Saturday, January 09, 2010

IIPM News - The Doomsday 2012 hoax

NASA scientist, professor David morrison dispels the myth surrounding the apocalyptic prophesies of 2012

Stories circulating on the Internet about the “end of the world” or various disasters in December 2012 are a hoax. Nothing will happen in 2012. There is no science behind any of these doomsday claims.

One widespread assertion is that there is a planet or brown dwarf or perhaps even a “second sun” (called Planet X or Nibiru) that will hit the Earth or pass close by in December 2012. But there is no evidence that such an object exists. If it did, astronomers would have been tracking it for at least a decade, and by now it would be visible even without a telescope. This is not something that could be kept secret, since even amateur astronomers from all over the world could see it. The idea of a large nearby planet that remains invisible is just silly.

Other doomsday stories concern so-called alignments. Many in the public think that when planets line up, something terrible will happen. But astronomers know that such alignments don’t have any effect on us. Besides, there are no planet alignments in 2012. What does happen is that every December, the Sun, as seen from the Earth, is in the direction of the centre of the Milky Way galaxy. There is nothing mysterious about this, as it happens every year. The galactic centre with its black hole is 30,000 light years away, and it has no effect on the Earth. Others claim that the solar system will pass through the plain of the Milky Way galaxy, and that this will release some dangerous forces. But the solar system is now far from the galactic plane, and we won’t cross it again for more than 10 million years.

Many of the disaster predictions for the Earth are absurd. Some say that the rotation of the Earth will suddenly reverse, with the Sun rising in the west. This “pole shift” has never happened and never will. Others are worried that the magnetic poles of the Earth will reverse. This is something that happens every 400,000 years on an average, but there is no reason to expect such a reversal in magnetic polarity in 2012.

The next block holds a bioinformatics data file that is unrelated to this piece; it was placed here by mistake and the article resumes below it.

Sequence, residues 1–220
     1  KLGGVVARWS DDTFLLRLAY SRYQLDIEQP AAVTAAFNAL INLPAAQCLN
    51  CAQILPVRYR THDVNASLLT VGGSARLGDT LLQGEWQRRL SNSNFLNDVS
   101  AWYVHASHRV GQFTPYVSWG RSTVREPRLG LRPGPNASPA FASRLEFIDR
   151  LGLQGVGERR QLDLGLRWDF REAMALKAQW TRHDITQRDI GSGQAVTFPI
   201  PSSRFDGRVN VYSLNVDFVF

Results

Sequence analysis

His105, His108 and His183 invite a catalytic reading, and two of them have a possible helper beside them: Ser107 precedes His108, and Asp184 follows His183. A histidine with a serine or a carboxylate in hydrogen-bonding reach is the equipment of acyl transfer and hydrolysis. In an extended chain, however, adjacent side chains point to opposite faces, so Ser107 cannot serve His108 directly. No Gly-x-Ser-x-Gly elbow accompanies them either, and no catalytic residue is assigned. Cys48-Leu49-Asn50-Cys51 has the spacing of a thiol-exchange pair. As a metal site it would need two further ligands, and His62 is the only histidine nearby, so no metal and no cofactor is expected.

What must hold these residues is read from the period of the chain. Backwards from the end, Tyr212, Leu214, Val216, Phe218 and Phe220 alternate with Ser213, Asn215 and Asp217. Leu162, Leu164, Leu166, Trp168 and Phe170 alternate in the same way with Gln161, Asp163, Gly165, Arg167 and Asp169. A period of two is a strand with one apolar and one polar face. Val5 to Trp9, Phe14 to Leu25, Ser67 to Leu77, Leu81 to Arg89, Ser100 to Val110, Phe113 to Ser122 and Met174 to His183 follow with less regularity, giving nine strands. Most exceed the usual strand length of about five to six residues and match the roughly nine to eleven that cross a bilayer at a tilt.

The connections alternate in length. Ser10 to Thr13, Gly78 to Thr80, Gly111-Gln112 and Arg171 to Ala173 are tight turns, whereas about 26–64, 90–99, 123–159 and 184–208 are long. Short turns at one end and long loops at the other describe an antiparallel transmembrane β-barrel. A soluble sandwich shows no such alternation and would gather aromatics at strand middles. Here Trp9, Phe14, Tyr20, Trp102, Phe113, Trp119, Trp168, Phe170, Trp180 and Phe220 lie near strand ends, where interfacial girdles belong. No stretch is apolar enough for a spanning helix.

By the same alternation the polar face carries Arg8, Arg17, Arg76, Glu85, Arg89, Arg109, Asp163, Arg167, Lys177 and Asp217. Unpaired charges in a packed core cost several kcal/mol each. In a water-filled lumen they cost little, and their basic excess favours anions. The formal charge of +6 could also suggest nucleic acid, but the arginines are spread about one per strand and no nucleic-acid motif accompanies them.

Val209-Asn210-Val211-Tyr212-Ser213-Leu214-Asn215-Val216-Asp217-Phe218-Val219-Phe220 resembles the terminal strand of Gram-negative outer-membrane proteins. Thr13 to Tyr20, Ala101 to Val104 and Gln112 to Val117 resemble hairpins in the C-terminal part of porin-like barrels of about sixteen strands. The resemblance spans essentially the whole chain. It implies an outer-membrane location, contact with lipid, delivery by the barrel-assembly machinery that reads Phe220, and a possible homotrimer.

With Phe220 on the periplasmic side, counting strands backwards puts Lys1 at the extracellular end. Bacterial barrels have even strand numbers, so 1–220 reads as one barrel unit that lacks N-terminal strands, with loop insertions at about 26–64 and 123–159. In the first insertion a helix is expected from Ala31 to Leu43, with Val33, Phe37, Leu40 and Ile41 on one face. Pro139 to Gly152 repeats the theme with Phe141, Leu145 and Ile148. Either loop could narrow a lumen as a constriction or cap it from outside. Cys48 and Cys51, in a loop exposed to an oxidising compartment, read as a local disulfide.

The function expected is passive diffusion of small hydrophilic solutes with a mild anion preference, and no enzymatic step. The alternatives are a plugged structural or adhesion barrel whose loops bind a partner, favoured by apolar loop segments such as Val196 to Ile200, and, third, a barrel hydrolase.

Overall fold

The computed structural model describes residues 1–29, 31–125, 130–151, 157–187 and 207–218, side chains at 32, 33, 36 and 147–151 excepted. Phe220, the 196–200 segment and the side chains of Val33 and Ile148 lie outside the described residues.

One legitimate but exaggerated concern is over solar outbursts. The Sun goes through an 11-year activity cycle. Near peak activity, there are solar flares that can cause some damage to space satellites, although engineers have learned to design their electronics to withstand such events. The next solar maximum is predicted for 2013, and it is expected to be unusually weak. There is nothing about the Sun to cause a doomsday fear.

None of the doomsday predictions has any scientific validity. Yet many people are still afraid of December 2012. The only reason this date is selected is that it represents the end of one of the large cycles in the ancient Maya calendar. Scholars who study the Mayan culture say that this calendar event does not predict anything, let alone a global disaster.

It is sad that so many people are falling for this doomsday hoax. Many who write to me are genuinely frightened. Children are especially vulnerable. I think, it is ethically wrong to promote a hoax that causes so much distress.

For Complete IIPM Article, Click on IIPM Article

Source :
IIPM Editorial, 2009

An IIPM and Professor Arindam Chaudhuri (Renowned Management Guru and Economist) Initiative

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